News of the World

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News of the World
News of the World Logo 2009.svg
TypeWeekly newspaper
FormatTabloid
Owner(s)News Group Newspapers
(News International)
EditorColin Myler, Piers Morgan
Founded1 October 1843 (1843-10-01)
Political alignmentConservative
Ceased publication10 July 2011 (2011-07-10)
HeadquartersWapping, London
Circulation2,606,397 (April 2011)[1]
Sister newspapersThe Sun,[2] The Times, The Sunday Times[3]
Websitewww.newsoftheworld.co.uk Inactive, no longer updated

The News of the World was a weekly tabloid newspaper in the United Kingdom that was published every Sunday. It was one of the most popular English language newspapers in the world when it stopped printing in 2011.[4] It was first a broadsheet newspaper when it started in 1843.[5] It was last owned by News International (a part of News Corporation) and was the sister newspaper of The Sun. From 2006, the newspaper was said to have hacked the phones of people in order to find news. The News of the World ended because of this on 7 July 2011.[6][7] Many members of the News of the World were arrested by police for doing this.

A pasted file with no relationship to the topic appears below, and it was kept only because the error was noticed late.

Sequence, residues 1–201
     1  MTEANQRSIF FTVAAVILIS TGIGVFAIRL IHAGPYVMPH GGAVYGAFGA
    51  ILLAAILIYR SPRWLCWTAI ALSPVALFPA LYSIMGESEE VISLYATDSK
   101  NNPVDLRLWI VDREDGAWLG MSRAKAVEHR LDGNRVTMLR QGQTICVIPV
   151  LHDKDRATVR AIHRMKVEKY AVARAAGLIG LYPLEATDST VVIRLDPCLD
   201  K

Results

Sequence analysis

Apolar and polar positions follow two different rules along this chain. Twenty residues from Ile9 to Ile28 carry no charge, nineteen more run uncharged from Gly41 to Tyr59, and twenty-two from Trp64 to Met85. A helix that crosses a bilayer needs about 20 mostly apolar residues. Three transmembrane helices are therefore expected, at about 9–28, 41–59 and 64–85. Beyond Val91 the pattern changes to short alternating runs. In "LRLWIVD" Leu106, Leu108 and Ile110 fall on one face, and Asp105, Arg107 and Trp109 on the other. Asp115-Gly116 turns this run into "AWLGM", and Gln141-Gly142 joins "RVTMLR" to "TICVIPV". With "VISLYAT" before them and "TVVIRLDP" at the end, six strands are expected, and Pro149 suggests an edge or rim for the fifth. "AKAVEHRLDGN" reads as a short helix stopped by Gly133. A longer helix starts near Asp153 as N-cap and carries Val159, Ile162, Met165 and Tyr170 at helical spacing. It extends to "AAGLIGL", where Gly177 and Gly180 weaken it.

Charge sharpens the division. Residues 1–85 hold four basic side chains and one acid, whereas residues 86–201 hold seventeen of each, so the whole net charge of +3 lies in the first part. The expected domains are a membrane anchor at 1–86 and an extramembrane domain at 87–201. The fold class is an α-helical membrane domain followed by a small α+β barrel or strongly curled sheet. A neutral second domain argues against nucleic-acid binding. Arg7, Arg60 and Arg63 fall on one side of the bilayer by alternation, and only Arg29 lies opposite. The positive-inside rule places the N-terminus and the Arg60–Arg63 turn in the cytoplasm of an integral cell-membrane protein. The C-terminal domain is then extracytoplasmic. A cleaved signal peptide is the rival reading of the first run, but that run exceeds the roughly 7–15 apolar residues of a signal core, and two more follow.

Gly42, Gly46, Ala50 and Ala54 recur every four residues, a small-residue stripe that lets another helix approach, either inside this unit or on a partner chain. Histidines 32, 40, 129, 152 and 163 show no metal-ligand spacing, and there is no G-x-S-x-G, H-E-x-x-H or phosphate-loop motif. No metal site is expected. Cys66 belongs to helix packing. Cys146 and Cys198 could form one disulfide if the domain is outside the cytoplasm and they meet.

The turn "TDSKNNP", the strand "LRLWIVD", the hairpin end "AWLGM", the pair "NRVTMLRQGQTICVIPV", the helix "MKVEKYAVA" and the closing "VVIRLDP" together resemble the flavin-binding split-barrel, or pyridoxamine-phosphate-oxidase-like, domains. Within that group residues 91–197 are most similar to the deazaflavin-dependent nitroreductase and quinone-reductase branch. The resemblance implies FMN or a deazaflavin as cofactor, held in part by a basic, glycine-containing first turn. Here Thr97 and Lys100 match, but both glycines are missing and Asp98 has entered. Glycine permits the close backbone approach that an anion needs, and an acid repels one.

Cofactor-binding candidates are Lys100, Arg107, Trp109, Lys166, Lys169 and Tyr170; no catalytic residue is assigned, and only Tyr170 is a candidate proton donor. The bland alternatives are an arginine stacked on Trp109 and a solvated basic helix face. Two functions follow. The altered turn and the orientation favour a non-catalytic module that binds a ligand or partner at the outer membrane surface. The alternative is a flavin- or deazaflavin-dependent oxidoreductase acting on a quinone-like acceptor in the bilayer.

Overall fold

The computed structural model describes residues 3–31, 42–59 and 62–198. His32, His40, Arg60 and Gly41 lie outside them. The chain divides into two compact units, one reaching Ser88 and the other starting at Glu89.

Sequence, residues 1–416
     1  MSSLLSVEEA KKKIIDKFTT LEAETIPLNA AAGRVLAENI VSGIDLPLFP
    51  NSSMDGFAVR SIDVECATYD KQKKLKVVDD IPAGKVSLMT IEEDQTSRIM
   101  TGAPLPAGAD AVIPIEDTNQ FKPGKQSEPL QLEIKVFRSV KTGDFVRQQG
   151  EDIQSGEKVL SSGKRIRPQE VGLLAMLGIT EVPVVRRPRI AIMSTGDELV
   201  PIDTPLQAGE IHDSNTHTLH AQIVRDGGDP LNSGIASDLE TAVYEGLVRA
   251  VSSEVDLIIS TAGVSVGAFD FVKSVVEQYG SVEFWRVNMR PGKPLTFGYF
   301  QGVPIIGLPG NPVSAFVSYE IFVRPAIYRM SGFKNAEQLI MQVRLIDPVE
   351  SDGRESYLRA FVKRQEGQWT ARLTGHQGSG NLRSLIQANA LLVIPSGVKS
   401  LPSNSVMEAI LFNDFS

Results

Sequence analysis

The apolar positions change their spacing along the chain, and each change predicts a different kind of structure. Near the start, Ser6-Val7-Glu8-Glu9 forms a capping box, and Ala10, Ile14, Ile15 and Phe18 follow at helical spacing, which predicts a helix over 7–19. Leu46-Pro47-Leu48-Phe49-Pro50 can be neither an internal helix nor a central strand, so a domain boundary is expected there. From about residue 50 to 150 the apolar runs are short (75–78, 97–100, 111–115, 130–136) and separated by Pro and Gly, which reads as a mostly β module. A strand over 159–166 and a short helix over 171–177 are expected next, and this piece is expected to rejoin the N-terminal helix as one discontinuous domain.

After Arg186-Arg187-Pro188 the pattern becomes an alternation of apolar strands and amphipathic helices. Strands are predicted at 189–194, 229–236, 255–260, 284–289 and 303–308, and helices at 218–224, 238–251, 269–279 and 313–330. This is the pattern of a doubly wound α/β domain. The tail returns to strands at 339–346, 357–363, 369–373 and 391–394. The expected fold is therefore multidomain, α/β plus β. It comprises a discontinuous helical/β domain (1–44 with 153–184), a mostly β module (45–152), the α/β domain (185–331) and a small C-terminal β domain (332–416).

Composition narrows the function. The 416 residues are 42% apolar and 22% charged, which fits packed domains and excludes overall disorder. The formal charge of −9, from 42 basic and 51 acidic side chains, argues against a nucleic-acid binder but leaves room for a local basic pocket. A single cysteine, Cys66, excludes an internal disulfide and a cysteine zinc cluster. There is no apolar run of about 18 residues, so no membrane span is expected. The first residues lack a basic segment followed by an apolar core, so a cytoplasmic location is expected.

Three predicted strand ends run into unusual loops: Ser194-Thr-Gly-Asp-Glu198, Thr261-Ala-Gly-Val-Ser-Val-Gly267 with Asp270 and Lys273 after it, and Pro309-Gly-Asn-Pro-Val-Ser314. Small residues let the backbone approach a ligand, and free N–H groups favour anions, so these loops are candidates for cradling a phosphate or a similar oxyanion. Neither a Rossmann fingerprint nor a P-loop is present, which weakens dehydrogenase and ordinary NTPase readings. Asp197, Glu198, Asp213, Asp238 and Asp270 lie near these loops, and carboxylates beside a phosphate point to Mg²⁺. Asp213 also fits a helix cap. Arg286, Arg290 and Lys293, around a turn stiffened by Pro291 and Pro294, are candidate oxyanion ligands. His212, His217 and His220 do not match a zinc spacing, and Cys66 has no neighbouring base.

A Sunday version of The Sun was started in the place of the News of the World on 26 February 2012. It was called The Sun on Sunday.[8] Some workers from the News of the World worked for this new newspaper.

References[change | change source]

  1. Sweney, Mark (13 May 2011). "Sunday Express sales increase by 12.8%". The Guardian. UK. Retrieved 6 July 2011.
  2. "News" (UK ed.). UK: BBC. 6 July 2011. Cite journal requires |journal= (help)
  3. "News of the World fallout: Renault pull deals from all News International titles". Mirror. UK. 9 July 2011. Renault, which spent £343,829 with the Sunday paper last year, says it would not be advertising with sister publications such as The Sun, The Times and The Sunday Times.
  4. Robinson, James (10 July 2011). "News of the World to close as Rupert Murdoch acts to limit fallout". The Guardian. UK. ISSN 0261-3077. OCLC 60623878. Retrieved 10 July 2011.
  5. Addley, Esther (7 July 2011). "The News of the World's sensational history", The Guardian (UK), Retrieved 24 June 2014.
  6. "News of the World Closed After Telephone Hacking Scandal". News. ABC. 2011. Retrieved 10 July 2011.
  7. Ross, Tim (5 July 2011). "News of the World loses adverts over Milly Dowler scandal". The Telegraph. UK. Retrieved 5 July 2011.
  8. "Sun on Sunday to launch next week". 20 February 2012 – via www.bbc.co.uk.